The origin of this contest began in 1988 when Rick DeMoss and I were invited to start a cooperative automotive training program with General Motors.  It was called ASEP (Automotive Service Excellence Program.)  We were in Flint, Michigan visiting the Buick Manufacturing plant of General Motors. Rick was talking to the administrators of the ASEP program, I was at the Buick Manufacturing Assembly plant visiting with Al Spears, plant manager, when he offered to donate a vehicle to Weber State that could be awarded to a high school with an outstanding program. We discussed details of who should receive this brand-new Buick vehicle. They suggested that we create a contest involving high schools that had an automotive program in their school. I was asked to be responsible to create some kind of a contest. We set a goal to have a contest starting in the winter of 1989. It involved just under 20 high schools in the state of Utah. The contest rules included that these schools come to Weber State campus and participate in a hands-on troubleshooting contest to solve mechanical and electrical problems that we had placed in the vehicles and components of the automobile. Winners were selected on how accurate they found and repaired the problem in the shortest time.  There was also a written test to assess the automotive knowledge the high school students had. Judges for the contest included service managers from local automotive dealerships.  The high school that won first place received a new Buick automobile for their training program at their high school. We arranged to have the contest on a day when the students could attend a major Weber State basketball game in the evening after participating in the contest all day.  We also provided a banquet for all of the participants. We had arranged with the athletic department to announce the winners of the contest at halftime during the basketball game.  The Weber State President announced the winners. The first year we got the OK to drive the Buick vehicle under the basketball hoop to show the audience what the first-place winners received for their high school automotive program. The enthusiasm at the time when the winners were announced was electrifying. It was a wonderful recruiting tool for the Weber State Automotive Program plus it involved others on the Weber State Campus including the athletic department and the College administration.  The Weber State Automotive Training Program was spotlighted.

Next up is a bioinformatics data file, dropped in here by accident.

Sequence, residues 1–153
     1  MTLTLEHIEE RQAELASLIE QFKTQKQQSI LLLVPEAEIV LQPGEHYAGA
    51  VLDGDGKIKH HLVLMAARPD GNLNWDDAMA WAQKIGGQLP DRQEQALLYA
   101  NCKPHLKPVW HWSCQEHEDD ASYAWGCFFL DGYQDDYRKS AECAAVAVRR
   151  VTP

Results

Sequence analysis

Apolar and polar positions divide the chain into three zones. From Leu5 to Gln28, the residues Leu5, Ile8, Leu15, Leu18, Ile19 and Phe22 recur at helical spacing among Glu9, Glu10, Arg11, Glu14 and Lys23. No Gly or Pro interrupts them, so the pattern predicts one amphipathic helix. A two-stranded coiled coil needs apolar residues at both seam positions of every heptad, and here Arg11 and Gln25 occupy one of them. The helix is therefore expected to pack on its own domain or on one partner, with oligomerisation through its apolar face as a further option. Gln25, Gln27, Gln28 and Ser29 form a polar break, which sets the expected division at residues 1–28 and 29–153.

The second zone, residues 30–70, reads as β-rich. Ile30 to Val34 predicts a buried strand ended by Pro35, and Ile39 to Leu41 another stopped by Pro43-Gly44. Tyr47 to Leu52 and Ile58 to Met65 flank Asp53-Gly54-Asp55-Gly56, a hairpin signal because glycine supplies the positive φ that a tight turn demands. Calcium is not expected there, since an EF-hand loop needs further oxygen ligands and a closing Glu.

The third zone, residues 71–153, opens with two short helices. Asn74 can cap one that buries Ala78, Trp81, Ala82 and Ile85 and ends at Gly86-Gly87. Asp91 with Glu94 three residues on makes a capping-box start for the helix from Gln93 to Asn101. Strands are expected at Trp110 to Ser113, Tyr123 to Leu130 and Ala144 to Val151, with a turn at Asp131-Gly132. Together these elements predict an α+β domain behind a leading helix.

Over the next few years we developed automotive co-op training programs with Toyota, Chrysler, Nissan and Honda.  Also, our contest recruitment area grew to include Idaho, Montana and Nevada. Many students from these states attended Weber for training and then were hired by the automobile dealers of the five major manufacturers. When I retired in 2004 Weber had become Weber State University.  There were 38 high schools that participated in the contest and many automotive businesses contributed gifts, tools etc. to the winning high school students.  Employers hired most of the students who were in the contest who had attended Weber’s Automotive two-year program.  The contest also became a recruiting tool for Weber’s Automotive four-year baccalaureate program and many students from this program were hired to work for the Automobile Manufacturers including General Motors, Toyota, Ford, Chrysler, Nissan and Honda. 

ASE Testing (Automotive Service Excellence)

Automotive technicians are required to update their certifications in eight areas of automotive repair (i.e. air conditioning, automatic transmission, brakes, etc.) in order to be ASE certified.  In cooperation with Weber State’s Testing Service Department, I facilitated this testing twice a year.  This also provided a place for the technicians to come to the campus to see the training facilities.